Papa John's chairman John Schnatter resigned over using the n-word and making other objectionable comments on a conference call with a marketing company. But even sending off the company's founder hasn't stopped the fallout from the problems.
This is a prime example of how attitudes in a company's employees or executives can turn into a millstone to weigh the business down.
Starbucks has faced a similar problem, in the sense that the actions of employees have turned into a massive PR bruise. But there is a big difference. With Papa John's, it was Schnatter, who had been the face of the company's marketing, that caused the issue.
Schnatter had caused bad PR before, like when he complained about the Affordable Care Act and having to provide health insurance for employees. But that was nothing compared to the backlash from large portions of the populace when he blamed poor corporate performance in a quarter on the NFL and players taking a knee in protest over racism.
In May, during a conference call with a marketing agency called Laundry Service, a participant asked Schnatter how he thought he could deal with the attention of online racist groups he attracted after his NFL comments.
Schnatter mentioned how the original Colonel Sanders, who founded Kentucky Fried Chicken (now KFC), used the n-word, only he was explicit in his language. Schnatter then said some other things that reportedly offended some people on the call. The company's owner, Wasserman Media Group, reportedly terminated its contract with Papa John's, although the result was a financial hit and resulting layoff of 10 percent of the staff.
Since that news came out, the University of Louisville wants to rename its football venue from Papa John's Cardinal Stadium to Cardinal Stadium (although a contract between the school and Schnatter makes that a matter of negotiation). It also will remove Schnatter's name from the John H. Schnatter Institute for the Study of Free Enterprise, which he helped endow in 2005. A number of professional sports teams, including the New York Yankees, the Atlanta Falcons, the Kansas City Royals, and the Baltimore Orioles, have suspended promotions with the company. Olson Engage, a PR firm, ended its contract with the pizza company.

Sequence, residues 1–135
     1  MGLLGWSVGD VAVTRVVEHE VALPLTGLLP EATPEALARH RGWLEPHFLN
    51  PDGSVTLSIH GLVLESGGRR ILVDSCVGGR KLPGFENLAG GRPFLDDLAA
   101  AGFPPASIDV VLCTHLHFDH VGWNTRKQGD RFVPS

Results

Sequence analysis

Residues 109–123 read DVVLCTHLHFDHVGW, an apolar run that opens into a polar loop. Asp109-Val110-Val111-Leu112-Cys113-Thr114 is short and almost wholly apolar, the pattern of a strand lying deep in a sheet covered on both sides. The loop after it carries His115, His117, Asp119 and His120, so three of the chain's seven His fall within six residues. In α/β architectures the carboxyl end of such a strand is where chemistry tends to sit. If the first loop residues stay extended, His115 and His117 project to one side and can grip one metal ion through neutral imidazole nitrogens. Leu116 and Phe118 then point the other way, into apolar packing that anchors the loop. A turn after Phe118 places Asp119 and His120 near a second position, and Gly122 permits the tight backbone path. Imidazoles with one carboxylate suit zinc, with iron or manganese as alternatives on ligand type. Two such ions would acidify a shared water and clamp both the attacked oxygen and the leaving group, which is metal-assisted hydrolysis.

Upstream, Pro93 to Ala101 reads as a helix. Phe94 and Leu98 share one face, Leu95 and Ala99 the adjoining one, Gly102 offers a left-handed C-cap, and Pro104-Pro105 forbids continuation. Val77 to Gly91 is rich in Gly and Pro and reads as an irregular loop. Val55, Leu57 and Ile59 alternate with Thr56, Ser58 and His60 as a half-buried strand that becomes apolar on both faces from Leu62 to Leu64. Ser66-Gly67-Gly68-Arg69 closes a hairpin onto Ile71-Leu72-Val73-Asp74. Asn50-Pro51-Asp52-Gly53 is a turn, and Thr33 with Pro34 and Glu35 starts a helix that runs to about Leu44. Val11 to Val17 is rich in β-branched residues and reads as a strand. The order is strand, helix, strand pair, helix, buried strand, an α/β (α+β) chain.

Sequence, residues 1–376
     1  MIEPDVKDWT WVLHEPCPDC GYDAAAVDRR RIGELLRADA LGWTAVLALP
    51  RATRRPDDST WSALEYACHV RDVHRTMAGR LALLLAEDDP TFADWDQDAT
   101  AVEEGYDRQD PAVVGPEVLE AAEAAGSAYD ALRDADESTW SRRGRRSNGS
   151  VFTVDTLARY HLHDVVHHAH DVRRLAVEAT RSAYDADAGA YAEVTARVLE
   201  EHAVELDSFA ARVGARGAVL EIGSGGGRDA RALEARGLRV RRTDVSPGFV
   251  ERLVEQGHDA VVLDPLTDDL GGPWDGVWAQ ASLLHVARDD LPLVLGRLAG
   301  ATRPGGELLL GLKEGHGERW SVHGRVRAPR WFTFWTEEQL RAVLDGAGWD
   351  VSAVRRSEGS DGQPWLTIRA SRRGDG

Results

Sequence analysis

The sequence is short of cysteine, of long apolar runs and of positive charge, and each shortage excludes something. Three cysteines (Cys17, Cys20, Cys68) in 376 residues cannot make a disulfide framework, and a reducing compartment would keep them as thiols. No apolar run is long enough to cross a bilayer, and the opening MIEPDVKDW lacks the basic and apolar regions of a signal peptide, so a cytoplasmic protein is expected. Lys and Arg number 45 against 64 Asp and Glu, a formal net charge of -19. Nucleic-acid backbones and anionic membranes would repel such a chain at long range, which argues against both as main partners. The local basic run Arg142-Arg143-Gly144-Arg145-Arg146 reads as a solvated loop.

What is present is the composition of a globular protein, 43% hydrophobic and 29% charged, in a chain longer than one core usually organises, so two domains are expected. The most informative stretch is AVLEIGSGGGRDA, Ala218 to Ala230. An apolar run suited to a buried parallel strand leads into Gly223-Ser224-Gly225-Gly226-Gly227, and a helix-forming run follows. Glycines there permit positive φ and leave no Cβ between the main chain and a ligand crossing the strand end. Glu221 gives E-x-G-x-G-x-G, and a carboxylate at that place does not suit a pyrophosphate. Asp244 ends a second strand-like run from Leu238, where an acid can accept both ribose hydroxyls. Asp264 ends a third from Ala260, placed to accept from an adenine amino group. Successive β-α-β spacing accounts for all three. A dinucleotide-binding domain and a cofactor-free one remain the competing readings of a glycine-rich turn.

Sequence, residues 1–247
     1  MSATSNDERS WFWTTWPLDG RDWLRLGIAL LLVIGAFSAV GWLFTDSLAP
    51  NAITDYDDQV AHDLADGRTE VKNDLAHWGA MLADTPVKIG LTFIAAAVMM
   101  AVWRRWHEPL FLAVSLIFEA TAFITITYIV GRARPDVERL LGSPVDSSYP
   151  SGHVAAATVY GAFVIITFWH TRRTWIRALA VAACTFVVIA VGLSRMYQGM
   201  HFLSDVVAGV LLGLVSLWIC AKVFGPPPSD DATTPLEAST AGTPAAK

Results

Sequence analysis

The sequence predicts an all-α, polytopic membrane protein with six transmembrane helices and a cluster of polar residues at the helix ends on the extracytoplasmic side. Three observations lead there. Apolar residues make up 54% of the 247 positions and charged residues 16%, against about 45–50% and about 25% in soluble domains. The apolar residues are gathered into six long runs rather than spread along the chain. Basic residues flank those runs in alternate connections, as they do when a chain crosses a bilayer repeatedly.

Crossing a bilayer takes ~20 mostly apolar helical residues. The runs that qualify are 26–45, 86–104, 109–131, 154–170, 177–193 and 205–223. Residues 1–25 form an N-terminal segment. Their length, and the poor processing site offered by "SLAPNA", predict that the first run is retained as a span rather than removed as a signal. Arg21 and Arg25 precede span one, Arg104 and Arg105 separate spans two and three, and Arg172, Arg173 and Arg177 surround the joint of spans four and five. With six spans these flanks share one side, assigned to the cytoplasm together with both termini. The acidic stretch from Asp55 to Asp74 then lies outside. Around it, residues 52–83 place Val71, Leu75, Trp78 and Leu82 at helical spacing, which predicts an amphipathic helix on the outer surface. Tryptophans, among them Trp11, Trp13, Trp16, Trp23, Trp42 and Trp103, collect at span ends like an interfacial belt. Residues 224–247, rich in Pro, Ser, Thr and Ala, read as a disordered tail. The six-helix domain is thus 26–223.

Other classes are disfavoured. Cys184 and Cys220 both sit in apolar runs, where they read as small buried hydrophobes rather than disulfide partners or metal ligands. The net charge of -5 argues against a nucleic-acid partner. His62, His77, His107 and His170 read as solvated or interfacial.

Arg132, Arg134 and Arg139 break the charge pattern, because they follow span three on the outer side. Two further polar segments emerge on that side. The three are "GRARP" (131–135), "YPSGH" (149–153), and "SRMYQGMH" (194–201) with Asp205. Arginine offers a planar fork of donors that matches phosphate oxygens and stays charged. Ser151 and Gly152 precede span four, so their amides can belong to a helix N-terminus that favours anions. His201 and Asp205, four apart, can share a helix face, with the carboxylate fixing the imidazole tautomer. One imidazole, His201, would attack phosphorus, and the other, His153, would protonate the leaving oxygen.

The Papa John's name, and Schnatter's own, have become radioactive for the time being. In an era of #MeToo and #BlackLivesMatter, what else could you expect? Society is making a long-needed shift. Companies that don't move with the times will find themselves quarantined.
Papa John's CEO Steve Ritchie issued an open letter saying, "Racism and any insensitive language, no matter what the context simply cannot--and will not--be tolerated at any level of our company," and "We will be engaging a broad set of stakeholders to chart a course forward that demonstrates our commitment to diversity, equity, and inclusion." There was also a pledge to have an outside audit "of our existing processes, policies, and systems related to diversity and inclusion, supplier engagement, and Papa John's culture."
In addition will be the mandatory "listening sessions with employees in our stores to talk about what they are seeing and give them a platform to voice their concerns."
But there was no apology, which suggests that management still doesn't understand what it needs to do. Schnatter may not be the company, as the letter stresses, but he is, or was, of the company. It was in official capacities, whether as CEO last fall or as chairman in May, as a senior representative of the company that he made his statements.
Until Papa John's understands what responsibility means in a business, and the implications of expressed racism, it won't be able to easily repair the damages done.